Nissan LEAF e+ with 226 mile Range Unveiled Along Non-US Pricing

by Denis Gurskiy

After many months of waiting, Nissan has finally unveiled an upgraded version of their super popular Nissan LEAF. Known as the Nissan LEAF e+ globally, but as the LEAF PLUS in the US and Canada, it provides a much needed boost in performance and range that the current LEAF needs in order to stay competitive.


So what’s new and improved with the LEAF e+?

  • 62 kWh battery pack that is only 5mm taller than the previous 40 kWh pack
  • Estimated range of 226 miles
  • 70 kW CHAdeMO charging with a peak of 100 kW (“Nissan LEAF e+ owners can expect similar charging times when hooked up to a 100 kW charger as current Nissan LEAF owners do with a 50 kW charger, despite a 55% larger battery storage capacity.”)
  • 160 kW motor (215hp)

In terms of acceleration and top speed, Nissan did not give any specific top speed or 0-60 numbers, however that did assure that the e+ should be faster:

The high-capacity battery and more powerful motor in the LEAF e+ combine to produce 160 kilowatts of power and 340 Nm of torque, enabling faster acceleration when driving at high speeds. Accelerating from 80 kph to 120 kph is nearly 13% quicker. This allows the LEAF e+ to confidently pass slower-moving vehicles, exit corners faster and more seamlessly and merge easily with fast-moving traffic. The top speed has increased by approximately 10% for comfortable cruising.

One point of concern for many was whether the new battery would continue to be passively cooled or not. According to a short interview Electrek had with, Kazuhiro Doi, Nissan’s Alliance Global Director of Research, the batteries will continue to not be liquid-cooled. However Nissan seems confident that the new battery will not have problems with keeping its capacity.

Additionally, the LEAF e+ will come with Nissan’s ProPILOT semi-autonomous feature which is described as follows:

Playing a leading role in Nissan Intelligent Driving is ProPILOT, an in-lane semi-autonomous driving technology that can automatically adjust the distance to the vehicle ahead, using a speed preset by the driver (between about 30 kph and 100 kph). ProPILOT can also help the driver steer and keep the vehicle centered in its lane. If the car in front stops, ProPILOT can automatically apply the brakes to bring the vehicle to a full halt if necessary. After coming to a full stop, the vehicle can remain in place even if the driver’s foot is off the brake. If traffic restarts, the car will resume driving when the driver touches the steering wheel-mounted ProPILOT switch again or lightly presses the accelerator to activate the system. All these functions can reduce stress when driving on the highway in both heavy and fast-moving traffic. ProPILOT Park (available on Japan and EU models only) is a system that can provide vehicle acceleration, braking, handling, shift changing and parking brake operation to guide the car into a parking spot.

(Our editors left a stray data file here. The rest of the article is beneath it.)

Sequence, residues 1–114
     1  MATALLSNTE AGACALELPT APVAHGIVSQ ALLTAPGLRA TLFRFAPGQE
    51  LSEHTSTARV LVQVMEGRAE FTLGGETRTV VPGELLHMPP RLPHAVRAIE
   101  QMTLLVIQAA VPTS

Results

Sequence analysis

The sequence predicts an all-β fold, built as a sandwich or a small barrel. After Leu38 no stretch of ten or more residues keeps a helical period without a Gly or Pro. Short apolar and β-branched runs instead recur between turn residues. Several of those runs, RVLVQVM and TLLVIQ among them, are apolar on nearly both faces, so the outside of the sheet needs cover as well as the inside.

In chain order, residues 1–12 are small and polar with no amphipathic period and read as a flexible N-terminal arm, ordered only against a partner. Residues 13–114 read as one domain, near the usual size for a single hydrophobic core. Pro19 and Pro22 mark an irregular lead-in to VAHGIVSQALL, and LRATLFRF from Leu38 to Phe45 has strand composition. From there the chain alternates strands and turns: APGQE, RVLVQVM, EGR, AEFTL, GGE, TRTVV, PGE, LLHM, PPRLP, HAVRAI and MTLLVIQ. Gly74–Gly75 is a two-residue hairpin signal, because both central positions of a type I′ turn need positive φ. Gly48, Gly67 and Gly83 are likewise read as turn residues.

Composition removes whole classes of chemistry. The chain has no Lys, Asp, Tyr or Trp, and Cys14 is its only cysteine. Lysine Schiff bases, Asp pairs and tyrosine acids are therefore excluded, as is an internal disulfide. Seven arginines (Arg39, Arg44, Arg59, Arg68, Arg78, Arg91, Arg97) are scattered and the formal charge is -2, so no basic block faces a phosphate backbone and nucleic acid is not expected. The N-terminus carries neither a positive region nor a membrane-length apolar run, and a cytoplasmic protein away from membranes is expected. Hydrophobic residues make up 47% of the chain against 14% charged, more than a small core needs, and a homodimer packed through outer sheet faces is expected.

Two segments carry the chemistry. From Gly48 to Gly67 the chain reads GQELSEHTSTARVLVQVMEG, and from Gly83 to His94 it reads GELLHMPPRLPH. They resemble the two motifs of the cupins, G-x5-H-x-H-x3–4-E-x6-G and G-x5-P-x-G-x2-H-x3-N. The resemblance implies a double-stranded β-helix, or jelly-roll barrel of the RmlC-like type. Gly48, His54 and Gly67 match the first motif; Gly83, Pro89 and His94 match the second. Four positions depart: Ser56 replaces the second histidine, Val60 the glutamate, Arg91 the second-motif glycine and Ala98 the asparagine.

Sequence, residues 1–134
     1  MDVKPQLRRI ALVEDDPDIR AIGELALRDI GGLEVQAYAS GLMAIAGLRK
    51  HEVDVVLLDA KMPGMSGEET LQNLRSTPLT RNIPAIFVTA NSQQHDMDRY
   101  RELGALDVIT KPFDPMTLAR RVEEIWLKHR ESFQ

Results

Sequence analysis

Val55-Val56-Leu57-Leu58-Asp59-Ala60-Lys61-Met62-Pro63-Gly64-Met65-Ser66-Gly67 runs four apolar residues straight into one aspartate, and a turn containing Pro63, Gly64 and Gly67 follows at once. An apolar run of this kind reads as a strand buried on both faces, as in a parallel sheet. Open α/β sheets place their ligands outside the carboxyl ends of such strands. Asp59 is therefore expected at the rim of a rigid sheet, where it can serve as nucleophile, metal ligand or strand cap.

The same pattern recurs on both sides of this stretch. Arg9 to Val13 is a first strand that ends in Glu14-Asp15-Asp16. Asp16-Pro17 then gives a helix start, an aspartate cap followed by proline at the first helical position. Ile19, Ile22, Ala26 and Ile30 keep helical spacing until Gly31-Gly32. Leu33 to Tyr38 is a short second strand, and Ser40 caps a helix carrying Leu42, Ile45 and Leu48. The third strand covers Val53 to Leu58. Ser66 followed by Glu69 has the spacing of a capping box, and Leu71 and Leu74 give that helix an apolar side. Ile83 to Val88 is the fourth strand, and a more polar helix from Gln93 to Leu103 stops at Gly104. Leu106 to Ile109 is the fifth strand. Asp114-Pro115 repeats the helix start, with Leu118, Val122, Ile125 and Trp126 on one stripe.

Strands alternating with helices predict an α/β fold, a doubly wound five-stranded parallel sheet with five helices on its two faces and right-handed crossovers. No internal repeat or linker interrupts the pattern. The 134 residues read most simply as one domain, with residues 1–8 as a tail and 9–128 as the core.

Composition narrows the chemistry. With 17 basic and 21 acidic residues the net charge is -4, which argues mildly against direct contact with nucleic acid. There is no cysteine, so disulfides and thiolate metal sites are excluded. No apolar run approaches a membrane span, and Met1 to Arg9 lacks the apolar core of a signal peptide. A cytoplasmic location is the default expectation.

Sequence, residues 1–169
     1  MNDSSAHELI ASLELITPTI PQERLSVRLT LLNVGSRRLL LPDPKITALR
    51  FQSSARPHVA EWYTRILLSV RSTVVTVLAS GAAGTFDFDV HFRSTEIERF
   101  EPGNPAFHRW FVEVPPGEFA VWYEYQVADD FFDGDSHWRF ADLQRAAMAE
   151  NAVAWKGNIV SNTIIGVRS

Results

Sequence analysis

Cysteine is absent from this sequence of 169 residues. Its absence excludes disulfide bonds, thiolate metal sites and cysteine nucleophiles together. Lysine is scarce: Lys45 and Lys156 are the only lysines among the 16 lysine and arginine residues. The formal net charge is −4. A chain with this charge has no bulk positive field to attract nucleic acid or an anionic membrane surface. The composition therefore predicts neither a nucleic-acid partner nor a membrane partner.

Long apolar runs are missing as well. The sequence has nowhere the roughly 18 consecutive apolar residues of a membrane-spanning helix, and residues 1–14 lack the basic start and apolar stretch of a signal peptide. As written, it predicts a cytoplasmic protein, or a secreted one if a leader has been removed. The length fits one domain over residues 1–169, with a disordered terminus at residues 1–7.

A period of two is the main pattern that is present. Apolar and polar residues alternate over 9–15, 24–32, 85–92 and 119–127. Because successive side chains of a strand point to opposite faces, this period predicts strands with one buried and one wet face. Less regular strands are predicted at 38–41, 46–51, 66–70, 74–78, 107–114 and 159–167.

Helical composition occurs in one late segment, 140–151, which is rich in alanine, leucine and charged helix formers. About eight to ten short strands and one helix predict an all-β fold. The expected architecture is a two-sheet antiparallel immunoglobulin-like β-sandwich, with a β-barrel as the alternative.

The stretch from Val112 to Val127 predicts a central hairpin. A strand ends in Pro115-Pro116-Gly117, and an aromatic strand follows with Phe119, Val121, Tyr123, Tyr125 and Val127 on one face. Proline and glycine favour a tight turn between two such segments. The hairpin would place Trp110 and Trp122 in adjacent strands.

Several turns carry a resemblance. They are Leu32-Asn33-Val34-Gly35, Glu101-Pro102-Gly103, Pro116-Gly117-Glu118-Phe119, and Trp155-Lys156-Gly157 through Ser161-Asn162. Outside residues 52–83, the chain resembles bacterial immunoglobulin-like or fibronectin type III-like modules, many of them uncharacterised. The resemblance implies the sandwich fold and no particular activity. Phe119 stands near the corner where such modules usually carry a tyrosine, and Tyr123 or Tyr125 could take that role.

Availability and Pricing

The LEAF e+ will make its debut at the end of January in Japan. It will hit the US somewhere during the spring and Europe in mid-2019.

In terms of pricing we do not have an official number for the US release, but we do have the pricing for Japan and the UK.

In Japan the LEAF e+ will start at ¥4,162,320 ($38,434), a roughly 14% increase over the ¥3,661,200 price of the 40 kWh version.

In the European market, Nissan has launched a limited edition LEAF 3.ZERO model offered in both battery configurations. So we should still be able to tell the premium that the bigger battery commands. The 62 kWh version starts at (including incentives) £36,795 ($46,998), while the 40 kWh version starts at £31,095 ($39,717). This £5,700 increase is roughly a 18% increase.

With the rumored price being around $36,000, it seems that it will fall in line with the rumor. The base Nissan LEAF starts at $29,990 with a 14-18% increase in price leading to a price of $34,188-$35,388.

The high $30k – low $40k price range has become highly competitive as of the past couple months. The LEAF e+ will have to go against the Chevy Bolt, Kia/Hyundai Niro/Kona EV, and maybe some day the standard range Model 3. It’s a good problem to have as a consumer but Nissan will have to leverage its almost decade-long EV experience to overcome its competition.

What do you guys think of the new Nissan LEAF e+? Let us know down in the comments below.

Source: Nissan

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